Concorde is a station on lines 1, 8 and 12 of the Paris MÃ©tro in the Place de la Concorde in central Paris and the 1st arrondissement.
The station was opened on 13 August 1900, almost a month after trains began running on the original section of line 1 between Porte de Vincennes and Porte Maillot on 19 July 1900. The line 12 platforms were opened on 5 November 1910 as part of the first section of the Nord-Sud Company's line C from Porte de Versailles to Notre-Dame-de-Lorette. This line was taken over by the Compagnie du chemin de fer mÃ©tropolitain de Paris and was renamed line 12 on 27 March 1931. The line 8 platforms were opened on 12 March 1914 on the first section of the line from Beaugrenelle (now Charles Michels on line 10) to OpÃ©ra; this line had been opened on 13 July 1913, although the platforms at Concorde and Invalides were not yet finished.
Concorde is distinctive due to its dÃ©cor created by artist FranÃ§oise Schein: she covered the entire station's voult line 12 with tiles spelling the DÃ©claration des Droits de l'Homme et du Citoyen of 1789.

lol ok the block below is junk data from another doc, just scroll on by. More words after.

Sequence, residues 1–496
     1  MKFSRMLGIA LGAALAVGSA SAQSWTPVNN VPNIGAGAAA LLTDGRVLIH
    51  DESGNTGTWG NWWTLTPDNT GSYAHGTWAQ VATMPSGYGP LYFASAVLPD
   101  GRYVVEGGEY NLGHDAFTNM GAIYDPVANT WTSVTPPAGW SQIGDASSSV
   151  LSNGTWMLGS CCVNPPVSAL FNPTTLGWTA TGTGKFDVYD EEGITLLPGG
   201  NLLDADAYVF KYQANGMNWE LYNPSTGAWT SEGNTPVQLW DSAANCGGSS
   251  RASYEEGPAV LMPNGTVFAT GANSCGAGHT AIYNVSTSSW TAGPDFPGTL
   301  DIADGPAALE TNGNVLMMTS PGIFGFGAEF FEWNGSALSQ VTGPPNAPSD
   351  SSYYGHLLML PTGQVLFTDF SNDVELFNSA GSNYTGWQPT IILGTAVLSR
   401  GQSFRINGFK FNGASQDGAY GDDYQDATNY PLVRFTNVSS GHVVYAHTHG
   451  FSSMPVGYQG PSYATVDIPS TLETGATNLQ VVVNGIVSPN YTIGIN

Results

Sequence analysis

Ezra Pound's famous Imagist poem, "In a Station of the Metro", was inspired by this station.
Places of interest
- The Place de la Concorde is on the right bank of the Seine opposite the French National Assembly, which sits in the Palais Bourbon.
- To the east of the Place is the western end of the Tuileries Gardens, including Galerie nationale du Jeu de Paume and the MusÃ©e de l'Orangerie.
- Roland, GÃ©rard (2003). Stations de mÃ©tro: DâAbbesses Ã Wagram. Ãditions Bonneton.